Various Artists The Trevor Nelson Collection Review

Released 2013.  

BBC Review

Authoritatively compiled 60-track collection of RnB classics.

Daryl Easlea 2013

There is no messing here. The 60 tracks of The Trevor Nelson Collection – recorded between 1979 and 2010 – do indeed, as the sticker on the CD cover screams, represent “The Biggest R&B Club Classics Of All Time”.

Hardly looking a day older than when he started DJing in the mid-80s, Nelson is a true music enthusiast and wants his audience to share his passion. Whether you like his choices or not, you know that what Nelson selects always tickles his personal fancy.

Nelson’s skill has always been in his blend – knowing exactly when to drop a classic into his set to sweeten a preceding rarity or new track. But there are few unknowns here – virtually every cut has charted highly.

However, The Trevor Nelson Collection never goes too route one. And, when it does, it’s simply because that song deserves to be heard – whether it’s Luther Vandross’ sublime Never Too Much at the start of the first disc or Aloe Blacc’s I Need a Dollar at the very end of the third.

It’s like a roll call of the best of the past three decades’ contemporary soul. Michael Jackson (who kicks off the collection with Rock With You), Mary J Blige (Real Love), TLC (Ain’t 2 Proud 2 Beg), Mariah Carey (Fantasy), Usher (U Remind Me), Rihanna (Rude Boy) and Alicia Keys (No One) are all here.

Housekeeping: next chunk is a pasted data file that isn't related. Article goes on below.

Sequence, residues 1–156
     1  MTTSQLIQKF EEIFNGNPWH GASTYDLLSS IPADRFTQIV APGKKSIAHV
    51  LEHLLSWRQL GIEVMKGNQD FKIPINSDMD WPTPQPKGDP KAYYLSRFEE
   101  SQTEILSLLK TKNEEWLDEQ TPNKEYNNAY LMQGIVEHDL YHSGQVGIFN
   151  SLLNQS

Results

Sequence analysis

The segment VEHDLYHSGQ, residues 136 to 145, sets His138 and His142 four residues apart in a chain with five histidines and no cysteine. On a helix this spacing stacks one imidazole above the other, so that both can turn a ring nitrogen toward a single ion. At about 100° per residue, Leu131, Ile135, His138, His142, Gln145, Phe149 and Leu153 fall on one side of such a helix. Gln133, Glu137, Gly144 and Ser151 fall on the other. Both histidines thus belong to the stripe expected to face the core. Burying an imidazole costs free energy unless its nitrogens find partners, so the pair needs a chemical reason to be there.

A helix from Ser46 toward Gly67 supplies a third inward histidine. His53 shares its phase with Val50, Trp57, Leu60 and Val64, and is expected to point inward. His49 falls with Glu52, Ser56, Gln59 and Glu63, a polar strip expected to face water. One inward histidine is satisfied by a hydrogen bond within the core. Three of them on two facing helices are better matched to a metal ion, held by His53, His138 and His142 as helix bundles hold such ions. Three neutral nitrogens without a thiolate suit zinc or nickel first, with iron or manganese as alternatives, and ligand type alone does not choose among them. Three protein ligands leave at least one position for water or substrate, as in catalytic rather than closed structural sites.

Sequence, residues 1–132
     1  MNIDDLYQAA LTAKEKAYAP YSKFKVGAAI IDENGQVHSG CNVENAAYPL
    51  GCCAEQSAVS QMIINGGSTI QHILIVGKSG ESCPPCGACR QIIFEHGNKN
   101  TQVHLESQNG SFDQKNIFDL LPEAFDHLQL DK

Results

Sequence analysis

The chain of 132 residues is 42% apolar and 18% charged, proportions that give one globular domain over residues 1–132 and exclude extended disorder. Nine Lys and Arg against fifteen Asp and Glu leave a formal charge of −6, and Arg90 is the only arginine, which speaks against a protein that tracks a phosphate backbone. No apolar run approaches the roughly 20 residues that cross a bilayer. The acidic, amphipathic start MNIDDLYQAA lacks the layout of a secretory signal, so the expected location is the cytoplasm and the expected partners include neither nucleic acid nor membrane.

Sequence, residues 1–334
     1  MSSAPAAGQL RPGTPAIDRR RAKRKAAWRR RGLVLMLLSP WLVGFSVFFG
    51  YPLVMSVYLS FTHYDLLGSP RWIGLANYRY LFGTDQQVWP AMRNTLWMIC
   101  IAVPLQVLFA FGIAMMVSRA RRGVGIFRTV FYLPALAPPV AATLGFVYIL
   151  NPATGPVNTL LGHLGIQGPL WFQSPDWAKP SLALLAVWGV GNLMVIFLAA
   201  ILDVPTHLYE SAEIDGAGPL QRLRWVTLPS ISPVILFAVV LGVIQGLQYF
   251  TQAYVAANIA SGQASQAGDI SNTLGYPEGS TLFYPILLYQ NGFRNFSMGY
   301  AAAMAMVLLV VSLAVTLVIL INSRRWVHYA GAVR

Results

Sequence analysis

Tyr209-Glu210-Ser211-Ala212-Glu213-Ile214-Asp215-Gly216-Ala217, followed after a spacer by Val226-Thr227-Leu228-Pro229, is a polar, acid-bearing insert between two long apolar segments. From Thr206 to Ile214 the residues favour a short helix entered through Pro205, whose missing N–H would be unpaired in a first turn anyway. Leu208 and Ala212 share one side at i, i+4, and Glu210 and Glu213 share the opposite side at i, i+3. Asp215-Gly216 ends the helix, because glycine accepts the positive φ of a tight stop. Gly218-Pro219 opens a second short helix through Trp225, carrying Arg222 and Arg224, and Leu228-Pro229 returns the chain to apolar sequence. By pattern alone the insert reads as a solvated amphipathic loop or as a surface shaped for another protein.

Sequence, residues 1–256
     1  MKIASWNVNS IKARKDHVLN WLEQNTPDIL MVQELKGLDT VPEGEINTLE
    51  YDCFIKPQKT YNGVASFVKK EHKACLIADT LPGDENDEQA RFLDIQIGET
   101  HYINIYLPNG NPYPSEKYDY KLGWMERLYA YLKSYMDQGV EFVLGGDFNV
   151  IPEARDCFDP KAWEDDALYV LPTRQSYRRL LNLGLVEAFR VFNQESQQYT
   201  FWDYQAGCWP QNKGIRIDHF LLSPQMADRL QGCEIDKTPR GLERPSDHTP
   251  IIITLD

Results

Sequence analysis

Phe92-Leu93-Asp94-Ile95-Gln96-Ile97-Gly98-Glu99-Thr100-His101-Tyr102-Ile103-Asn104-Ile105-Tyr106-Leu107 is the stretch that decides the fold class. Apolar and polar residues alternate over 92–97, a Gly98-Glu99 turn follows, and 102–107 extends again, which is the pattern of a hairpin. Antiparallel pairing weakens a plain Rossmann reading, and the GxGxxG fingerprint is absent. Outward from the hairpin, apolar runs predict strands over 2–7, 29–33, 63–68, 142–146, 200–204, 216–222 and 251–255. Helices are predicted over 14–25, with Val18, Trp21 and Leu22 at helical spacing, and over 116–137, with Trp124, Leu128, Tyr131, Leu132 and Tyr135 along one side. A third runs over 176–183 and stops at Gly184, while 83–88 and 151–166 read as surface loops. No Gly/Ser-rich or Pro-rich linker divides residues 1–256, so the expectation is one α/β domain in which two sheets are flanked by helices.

Even records as ubiquitous at the time as Killing Me Softly by Fugees or Kelis’ Milkshake sound fresh in this context.

But the real joy of the collection, like the best of Nelson’s radio shows, is in his gathering together of the tunes you’ve forgotten about, such as Lucy Pearl’s Don’t Mess With My Man, or Tweet’s sultry Boogie 2nite.

Elsewhere, Mark Morrison’s Return of the Mack reappears with all the swagger it did when he was briefly touted as the future in 1996, and Montell Jordan’s This Is How We Do It is still the best soundtrack to an open-top car ride ever.

The Trevor Nelson Collection is, of course, primarily a useful party selection. But it also should be given to those who are scathing of contemporary RnB, to allow them to listen to some fantastically soulful and beautifully crafted pop songs.

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